By Mary Zimmerman
Arabian Nights – the very name conjures images of exotic spice laden markets, star strewn skies, minarets and date palms. This stage adaptation is based on the collection of stories known as One Thousand and One Nights. These lavish and captivating tales from the Far East are an established part of our world heritage, mixing fables and folklore from India, Persia, Syria, Arabia and Egypt. Over centuries they have passed easily into our own cultural sphere, including as they do the stories of Ali Baba, Sinbad and Aladdin. These three alone have featured in children’s books, films, television and theatre since the nineteenth century.
In this hugely popular adaptation by Mary Zimmerman, the root story is the same as in the original collection. The selfish King Shahyrar, betrayed by his first wife, decides no woman can ever be trusted. For years he takes a new wife each night and kills her in the morning. This continues until he marries the infinitely wily and impossibly entertaining Scheherazade, who determines to preserve her own life by telling the king a selection of fantastical and magical stories, each of which remains unfinished as dawn arises. In this way she succeeds in staying alive for 1001 nights until….but that would spoil the end!
Using an ensemble of 15 actors to play all the parts and a selection of magic carpets to play all the sets, Arabian Nights blends music, dance, soundscapes, physical theatre, clowning and mime in the entertaining pursuit of good old story telling. This is pure theatre: visually enchanting and both funny and moving by turns. Zimmerman offers a wonderful blend of the lesser-known tales from Arabian Nights with the recurring theme of how the magic of storytelling holds the power to change people. The tales are cleverly woven so that some are part of other stories, some overlap each other and some start and end while others never end.
“If you want theatre at its most unpretentiously poetic, most fetchingly stylish, as humane as it is elegant, I commend to you the Arabian Nights.”
New York Magazine
Mary Zimmerman was born on 23rd August 1960, in Lincoln, Nebraska and was subsequently a student at Northwestern University. Zimmerman’s career as a director spans 15 years and in 2002 was awarded a Tony Award for best direction. She is the resident Director of Goodman Theatre, a member of the Lookingglass Theatre Company of Chicago, an artistic associate of Seattle Repertory Theatre and a professor of performance studies at Northwestern University. Works which she has adapted and directed include The Notebooks of Leonardo da Vinci, The Odyssey, Arabian Nights and Metamorphoses. In 2002, she created a new opera with Philip Glass called Galileo Galilei which premiered in Chicago and went on to The Barbican in London.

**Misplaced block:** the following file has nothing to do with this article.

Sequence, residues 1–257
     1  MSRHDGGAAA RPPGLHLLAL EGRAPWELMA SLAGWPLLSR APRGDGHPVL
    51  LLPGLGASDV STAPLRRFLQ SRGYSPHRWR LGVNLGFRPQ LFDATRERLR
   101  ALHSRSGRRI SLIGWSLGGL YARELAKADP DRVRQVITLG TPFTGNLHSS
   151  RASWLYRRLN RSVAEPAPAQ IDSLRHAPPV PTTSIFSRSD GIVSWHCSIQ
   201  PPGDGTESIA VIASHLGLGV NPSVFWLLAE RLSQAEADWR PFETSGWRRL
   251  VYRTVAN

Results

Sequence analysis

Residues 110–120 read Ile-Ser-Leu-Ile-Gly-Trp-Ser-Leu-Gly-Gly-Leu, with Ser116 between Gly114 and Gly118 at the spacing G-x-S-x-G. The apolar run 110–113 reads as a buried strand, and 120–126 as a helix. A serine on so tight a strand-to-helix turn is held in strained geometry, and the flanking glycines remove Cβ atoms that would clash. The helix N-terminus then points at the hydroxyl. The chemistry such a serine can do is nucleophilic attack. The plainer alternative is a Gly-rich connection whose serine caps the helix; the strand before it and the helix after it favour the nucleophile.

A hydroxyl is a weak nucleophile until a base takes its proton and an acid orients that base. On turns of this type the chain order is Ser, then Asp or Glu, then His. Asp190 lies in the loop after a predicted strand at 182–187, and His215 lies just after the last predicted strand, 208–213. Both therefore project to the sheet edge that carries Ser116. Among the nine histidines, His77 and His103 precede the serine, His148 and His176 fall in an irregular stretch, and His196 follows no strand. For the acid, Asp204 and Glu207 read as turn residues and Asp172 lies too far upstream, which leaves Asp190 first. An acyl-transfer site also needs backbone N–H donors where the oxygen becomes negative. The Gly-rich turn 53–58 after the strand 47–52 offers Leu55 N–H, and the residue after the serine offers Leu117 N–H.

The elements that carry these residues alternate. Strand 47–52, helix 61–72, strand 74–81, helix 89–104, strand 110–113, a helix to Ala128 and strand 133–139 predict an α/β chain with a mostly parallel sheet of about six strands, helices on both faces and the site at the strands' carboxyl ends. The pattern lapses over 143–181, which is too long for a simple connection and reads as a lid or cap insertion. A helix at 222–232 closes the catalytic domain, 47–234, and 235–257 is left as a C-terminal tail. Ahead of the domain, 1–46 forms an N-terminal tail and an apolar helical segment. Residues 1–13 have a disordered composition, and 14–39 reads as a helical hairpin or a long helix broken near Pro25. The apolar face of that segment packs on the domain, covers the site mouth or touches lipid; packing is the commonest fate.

When Mary Zimmerman first enrolled at Northwestern University as an undergraduate she began as a composition and literature major but quickly switched to the Department of Performance Studies. It wasn’t until her graduate work at Northwestern that she discovered, “the act of directing, creating and making theatre without being in it.”
Northwestern proved to be fertile ground for Zimmerman. Her studies focused on how to use the elements of staging—light, sound, disguise, gesture, movement—and she collaborated on adaptations of everything from Dickens novels to contemporary parodies. She has also developed a close working relationship with Chicago’s Goodman Theatre and was instrumental in the development of Lookingglass Theatre Company.
In her work, she continues to be drawn to ancient literature and stories based in oral tradition. Her rehearsal process is open and organic, especially when she serves as both adapter and director. She allows time for a production’s imagery to develop, often working off the physical improvisations of her ensemble of actors. When directing Shakespeare, her engagement is primarily with the text.
“I’ve always loved fairy tales,” explains Zimmerman, “I think they perhaps led me to theatre rather than the other way around. As a child I wanted to invent a machine that could record my dreams, so I could watch them in the morning; or hire someone to draw the things I had in my head, because I knew I didn’t have the skill to do it myself. Theatre is that machine. I can make these images come to life and actually walk around inside them for a while.”
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